8. I agree with what you say here. Mind you, I do think that however you address it, there are some people that always will take offence and take it personally! There’s nothing we can do about that though, all we can do is state what’s right for us.

  9. That is so true! Being direct and clearing the air is so much healthier for a relationship of any kind! And we won’t be miserable if we do what we don’t want to do making everyone else miserable too!

  10. Great post Lisa. Good suggestions. I never really realized that ignoring a text is rude. I don’t usually do it (on purpose anyway) but there are people who don’t respond to mine.

    I found you over on Susie’s blog. Will try to pop over here now and then. I’ll hit the follow button. It’s nice to see what fellow authors are doing.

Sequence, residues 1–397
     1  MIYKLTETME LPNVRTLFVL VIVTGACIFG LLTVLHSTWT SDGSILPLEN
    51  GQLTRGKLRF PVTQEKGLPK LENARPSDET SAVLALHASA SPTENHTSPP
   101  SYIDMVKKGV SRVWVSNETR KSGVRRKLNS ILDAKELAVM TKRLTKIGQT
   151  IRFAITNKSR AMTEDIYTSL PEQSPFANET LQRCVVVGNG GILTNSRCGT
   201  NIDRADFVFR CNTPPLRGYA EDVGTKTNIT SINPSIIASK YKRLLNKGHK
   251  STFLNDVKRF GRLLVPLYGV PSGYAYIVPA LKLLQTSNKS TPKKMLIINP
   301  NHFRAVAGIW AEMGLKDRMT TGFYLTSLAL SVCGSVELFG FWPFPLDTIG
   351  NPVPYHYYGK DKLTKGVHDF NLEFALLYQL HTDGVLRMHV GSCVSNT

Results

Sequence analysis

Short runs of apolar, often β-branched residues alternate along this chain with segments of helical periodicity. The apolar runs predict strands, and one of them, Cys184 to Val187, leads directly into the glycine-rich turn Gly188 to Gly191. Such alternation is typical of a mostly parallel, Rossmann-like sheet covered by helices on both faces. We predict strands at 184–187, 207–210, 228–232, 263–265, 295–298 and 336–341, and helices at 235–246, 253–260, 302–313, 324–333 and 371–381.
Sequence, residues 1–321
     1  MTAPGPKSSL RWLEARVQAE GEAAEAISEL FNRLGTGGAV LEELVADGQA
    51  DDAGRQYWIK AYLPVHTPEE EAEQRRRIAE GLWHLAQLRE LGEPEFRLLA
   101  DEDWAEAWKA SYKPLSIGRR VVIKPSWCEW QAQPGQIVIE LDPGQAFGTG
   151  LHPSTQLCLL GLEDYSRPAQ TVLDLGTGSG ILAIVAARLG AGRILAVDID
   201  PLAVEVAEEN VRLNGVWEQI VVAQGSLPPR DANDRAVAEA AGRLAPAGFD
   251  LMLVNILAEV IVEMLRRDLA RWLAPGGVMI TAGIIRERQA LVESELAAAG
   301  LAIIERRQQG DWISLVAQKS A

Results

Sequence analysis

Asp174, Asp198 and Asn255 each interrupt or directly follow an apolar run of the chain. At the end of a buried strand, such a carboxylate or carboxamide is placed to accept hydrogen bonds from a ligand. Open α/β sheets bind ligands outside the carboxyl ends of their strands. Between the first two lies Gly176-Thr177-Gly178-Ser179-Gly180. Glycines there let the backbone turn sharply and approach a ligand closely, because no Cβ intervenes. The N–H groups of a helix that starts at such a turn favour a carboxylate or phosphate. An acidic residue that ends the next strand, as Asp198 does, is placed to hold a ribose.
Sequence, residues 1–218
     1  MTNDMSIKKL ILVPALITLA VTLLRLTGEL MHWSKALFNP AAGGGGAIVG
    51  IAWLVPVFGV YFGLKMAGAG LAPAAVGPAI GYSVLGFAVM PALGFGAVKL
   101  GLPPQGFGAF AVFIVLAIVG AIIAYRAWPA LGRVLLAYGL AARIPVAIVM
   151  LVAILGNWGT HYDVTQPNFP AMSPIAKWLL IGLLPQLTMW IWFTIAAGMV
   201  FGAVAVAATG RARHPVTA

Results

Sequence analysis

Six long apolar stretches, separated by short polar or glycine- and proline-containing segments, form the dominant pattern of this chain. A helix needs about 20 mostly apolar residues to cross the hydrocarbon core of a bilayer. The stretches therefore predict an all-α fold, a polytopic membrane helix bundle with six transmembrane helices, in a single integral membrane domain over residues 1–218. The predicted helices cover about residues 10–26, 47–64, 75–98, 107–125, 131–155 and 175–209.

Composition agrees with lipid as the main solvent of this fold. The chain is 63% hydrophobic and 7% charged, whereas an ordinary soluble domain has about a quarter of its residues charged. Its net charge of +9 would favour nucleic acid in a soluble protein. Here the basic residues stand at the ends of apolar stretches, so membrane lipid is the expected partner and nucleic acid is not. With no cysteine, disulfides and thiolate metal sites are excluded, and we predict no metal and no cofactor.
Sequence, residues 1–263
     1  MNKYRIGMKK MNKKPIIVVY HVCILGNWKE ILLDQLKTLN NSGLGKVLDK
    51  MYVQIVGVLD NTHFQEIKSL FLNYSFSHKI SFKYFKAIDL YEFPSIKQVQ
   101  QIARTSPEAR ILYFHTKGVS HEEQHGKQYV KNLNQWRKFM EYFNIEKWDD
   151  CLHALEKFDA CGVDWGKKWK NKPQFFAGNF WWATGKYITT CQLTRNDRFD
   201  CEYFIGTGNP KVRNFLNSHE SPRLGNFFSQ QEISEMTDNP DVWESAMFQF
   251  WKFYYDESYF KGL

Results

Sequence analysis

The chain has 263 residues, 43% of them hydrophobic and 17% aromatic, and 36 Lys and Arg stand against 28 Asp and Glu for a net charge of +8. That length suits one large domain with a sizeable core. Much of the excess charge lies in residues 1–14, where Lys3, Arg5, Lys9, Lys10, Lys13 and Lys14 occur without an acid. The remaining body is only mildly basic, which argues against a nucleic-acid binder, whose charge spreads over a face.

Patricia Rickrode
    w/a Jansen Schmidt

  11. Hi Lisa, I came here via Susie’s blog party.
    I could not say NO for a very long time. I would not say NO and then feel bad about it or ignore the message and feel guilty about it. Either ways I was at the receiving end.
    But off late, when I started valuing my time and “how I am feeling” more than anything else, I find it easier to say NO and that is such a relief.

  12. I could never learn diplomacy but could always say no with my looks or even with words. There are people who don’t expect a “no” and take offense but I could never be intimidated by them, even bosses. Saying no at the social media is much easier and we can even choose our words carefully.